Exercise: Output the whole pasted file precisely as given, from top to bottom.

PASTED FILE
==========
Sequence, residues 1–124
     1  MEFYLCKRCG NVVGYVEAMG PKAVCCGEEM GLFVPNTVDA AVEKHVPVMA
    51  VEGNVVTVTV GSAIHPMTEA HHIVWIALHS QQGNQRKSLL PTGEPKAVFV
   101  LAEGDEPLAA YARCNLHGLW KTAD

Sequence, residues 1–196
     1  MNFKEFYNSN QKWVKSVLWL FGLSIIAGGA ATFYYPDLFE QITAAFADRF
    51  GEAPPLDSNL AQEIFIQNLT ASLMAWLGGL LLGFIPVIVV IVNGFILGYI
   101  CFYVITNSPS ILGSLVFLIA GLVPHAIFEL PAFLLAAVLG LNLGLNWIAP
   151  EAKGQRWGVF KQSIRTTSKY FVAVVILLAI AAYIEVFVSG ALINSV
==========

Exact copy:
Sequence, residues 1–124
     1  MEFYLCKRCG NVVGYVEAMG PKAVCCGEEM GLFVPNTVDA AVEKHVPVMA
    51  VEGNVVTVTV GSAIHPMTEA HHIVWIALHS QQGNQRKSLL PTGEPKAVFV
   101  LAEGDEPLAA YARCNLHGLW KTAD

Sequence, residues 1–196
     1  MNFKEFYNSN QKWVKSVLWL FGLSIIAGGA ATFYYPDLFE QITAAFADRF
    51  GEAPPLDSNL AQEIFIQNLT ASLMAWLGGL LLGFIPVIVV IVNGFILGYI
   101  CFYVITNSPS ILGSLVFLIA GLVPHAIFEL PAFLLAAVLG LNLGLNWIAP
   151  EAKGQRWGVF KQSIRTTSKY FVAVVILLAI AAYIEVFVSG ALINSV